There is the first sin, the sin against your brother or sister who you demand bow to your superior knowledge…

The second reason such an idea is sin is that if we claim to know it, all and scripture doesn’t mention it directly, we merely are playing God.

And while the Corinthians were arguing about food offered to idols, they were making themselves the idol, the final judge who condemn people based on their own knowledge.

You and I do the same thing. Our pride in our knowledge judges and condemns people for things that our preferences, rather than what God clearly reveals.

Or just the opposite… we don’t address the sin we know needs to be addressed because we know better than those judging us…

And the way we act, our attitude about our knowledge shows how we use it, that our idol is more important than the people of God.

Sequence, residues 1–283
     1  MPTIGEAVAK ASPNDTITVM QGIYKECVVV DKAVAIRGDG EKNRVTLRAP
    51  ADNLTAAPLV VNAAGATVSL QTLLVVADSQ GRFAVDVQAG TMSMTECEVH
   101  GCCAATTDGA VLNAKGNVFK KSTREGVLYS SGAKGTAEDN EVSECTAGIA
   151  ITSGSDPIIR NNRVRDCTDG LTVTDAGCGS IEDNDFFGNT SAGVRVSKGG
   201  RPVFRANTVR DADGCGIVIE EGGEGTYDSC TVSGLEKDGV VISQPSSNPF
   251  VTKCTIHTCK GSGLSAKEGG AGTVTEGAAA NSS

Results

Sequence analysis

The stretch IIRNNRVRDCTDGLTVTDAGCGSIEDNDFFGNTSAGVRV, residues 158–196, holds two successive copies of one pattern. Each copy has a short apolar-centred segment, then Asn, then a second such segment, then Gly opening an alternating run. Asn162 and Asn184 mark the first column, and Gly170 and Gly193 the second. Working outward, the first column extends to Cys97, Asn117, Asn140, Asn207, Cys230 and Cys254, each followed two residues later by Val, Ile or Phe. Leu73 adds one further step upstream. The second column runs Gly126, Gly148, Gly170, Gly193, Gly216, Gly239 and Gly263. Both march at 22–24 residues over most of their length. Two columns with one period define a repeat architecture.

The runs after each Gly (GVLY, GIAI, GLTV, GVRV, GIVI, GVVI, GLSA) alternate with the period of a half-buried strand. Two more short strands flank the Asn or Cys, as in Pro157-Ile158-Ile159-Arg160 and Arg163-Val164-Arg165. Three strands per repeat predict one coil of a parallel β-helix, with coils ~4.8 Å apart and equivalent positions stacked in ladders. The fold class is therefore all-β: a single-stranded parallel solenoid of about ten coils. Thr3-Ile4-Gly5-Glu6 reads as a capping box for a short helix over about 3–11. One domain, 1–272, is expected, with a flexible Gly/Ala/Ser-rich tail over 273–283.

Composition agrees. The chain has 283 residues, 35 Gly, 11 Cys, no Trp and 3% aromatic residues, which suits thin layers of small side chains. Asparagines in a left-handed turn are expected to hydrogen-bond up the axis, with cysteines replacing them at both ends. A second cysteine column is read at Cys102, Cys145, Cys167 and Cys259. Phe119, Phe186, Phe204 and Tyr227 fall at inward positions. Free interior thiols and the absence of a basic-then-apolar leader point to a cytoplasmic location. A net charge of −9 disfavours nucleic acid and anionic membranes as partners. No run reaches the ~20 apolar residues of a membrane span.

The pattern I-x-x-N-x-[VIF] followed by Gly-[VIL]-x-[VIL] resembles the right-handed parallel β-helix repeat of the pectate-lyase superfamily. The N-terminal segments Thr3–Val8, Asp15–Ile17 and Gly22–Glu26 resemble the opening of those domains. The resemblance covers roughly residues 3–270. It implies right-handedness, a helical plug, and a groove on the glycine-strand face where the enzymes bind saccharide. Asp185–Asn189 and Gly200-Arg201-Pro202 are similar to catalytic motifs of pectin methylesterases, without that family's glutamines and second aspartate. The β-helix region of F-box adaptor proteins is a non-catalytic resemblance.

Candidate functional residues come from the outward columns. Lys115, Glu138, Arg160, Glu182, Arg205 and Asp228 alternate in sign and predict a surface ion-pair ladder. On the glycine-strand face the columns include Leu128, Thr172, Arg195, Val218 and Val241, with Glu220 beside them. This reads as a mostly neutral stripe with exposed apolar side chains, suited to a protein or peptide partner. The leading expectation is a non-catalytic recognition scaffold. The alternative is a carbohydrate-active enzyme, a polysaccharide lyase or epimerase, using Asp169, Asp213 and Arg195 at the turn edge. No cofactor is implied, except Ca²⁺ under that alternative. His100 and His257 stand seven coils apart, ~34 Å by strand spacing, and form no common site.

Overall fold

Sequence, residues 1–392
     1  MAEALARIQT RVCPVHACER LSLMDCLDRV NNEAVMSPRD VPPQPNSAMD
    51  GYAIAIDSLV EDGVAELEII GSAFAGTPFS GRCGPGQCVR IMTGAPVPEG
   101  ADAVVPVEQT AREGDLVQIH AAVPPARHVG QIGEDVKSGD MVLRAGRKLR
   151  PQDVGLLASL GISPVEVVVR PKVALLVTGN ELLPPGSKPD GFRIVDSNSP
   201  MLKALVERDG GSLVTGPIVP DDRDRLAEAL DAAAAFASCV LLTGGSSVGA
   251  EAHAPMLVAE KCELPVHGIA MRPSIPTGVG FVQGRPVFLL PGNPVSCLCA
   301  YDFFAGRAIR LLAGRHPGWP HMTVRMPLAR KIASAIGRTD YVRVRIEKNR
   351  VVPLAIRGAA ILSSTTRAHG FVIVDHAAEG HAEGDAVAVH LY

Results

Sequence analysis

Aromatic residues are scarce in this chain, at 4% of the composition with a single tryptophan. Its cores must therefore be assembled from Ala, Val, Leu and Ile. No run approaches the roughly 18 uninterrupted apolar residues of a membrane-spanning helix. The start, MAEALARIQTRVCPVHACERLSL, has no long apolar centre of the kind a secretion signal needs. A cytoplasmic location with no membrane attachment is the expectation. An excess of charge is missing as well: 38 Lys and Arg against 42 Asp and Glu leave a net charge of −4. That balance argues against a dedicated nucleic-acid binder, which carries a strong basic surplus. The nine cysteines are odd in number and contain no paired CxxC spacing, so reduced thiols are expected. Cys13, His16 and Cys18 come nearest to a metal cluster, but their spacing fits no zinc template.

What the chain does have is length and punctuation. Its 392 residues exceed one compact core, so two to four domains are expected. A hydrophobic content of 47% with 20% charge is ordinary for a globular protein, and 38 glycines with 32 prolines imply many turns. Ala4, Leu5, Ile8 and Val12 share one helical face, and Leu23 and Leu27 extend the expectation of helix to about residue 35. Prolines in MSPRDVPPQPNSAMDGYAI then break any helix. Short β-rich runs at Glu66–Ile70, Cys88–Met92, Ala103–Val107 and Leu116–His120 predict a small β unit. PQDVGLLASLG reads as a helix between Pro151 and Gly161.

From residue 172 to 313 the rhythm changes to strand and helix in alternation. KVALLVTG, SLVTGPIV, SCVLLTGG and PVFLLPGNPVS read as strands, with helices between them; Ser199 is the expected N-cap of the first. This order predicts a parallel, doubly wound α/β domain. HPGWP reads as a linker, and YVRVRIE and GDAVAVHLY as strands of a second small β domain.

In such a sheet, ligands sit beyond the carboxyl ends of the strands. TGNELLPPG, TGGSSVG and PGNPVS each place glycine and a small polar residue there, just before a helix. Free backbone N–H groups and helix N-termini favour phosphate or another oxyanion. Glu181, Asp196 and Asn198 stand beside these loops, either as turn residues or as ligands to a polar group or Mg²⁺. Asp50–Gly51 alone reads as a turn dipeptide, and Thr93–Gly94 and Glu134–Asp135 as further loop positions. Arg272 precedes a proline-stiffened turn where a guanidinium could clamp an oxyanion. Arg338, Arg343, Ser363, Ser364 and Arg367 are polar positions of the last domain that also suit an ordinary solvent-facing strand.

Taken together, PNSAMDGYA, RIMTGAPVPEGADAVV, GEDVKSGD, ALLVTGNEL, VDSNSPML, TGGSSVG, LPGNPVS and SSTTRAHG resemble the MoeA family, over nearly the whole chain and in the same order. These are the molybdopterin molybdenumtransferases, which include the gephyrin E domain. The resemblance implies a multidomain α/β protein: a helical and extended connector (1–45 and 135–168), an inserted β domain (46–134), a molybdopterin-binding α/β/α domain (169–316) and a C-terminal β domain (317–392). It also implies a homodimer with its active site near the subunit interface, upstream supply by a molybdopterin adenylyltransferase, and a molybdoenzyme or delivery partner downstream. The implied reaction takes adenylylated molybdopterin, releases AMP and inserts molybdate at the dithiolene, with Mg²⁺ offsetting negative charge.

Paul begs us to not worship idols, these things that we make to be the gods we rely upon, whether in heaven or on earth. Because we have something more.

Gospel – seeing for whom we live in through whom we have a life!

Hear Paul again,

But for us, There is one God, the Father, by whom all things were created, and for whom we live. And there is one Lord, Jesus Christ, through whom all things were created, and through whom we live! (exclamation point mine)

Instead of relying on our own knowledge, instead of turning the knowledge we have collected from man and making that data the basis for our lives, this matters

There is God the Father, who created you.

And there is God, our Lord Jesus Christ, son of the Father, through whom we have been recreated, and through whom we live.

In other words, everything we are, everything that defines us, everything that makes a difference in our lives is found in our relationship with Jesus…

The relationship defines everything about us, for God is our God.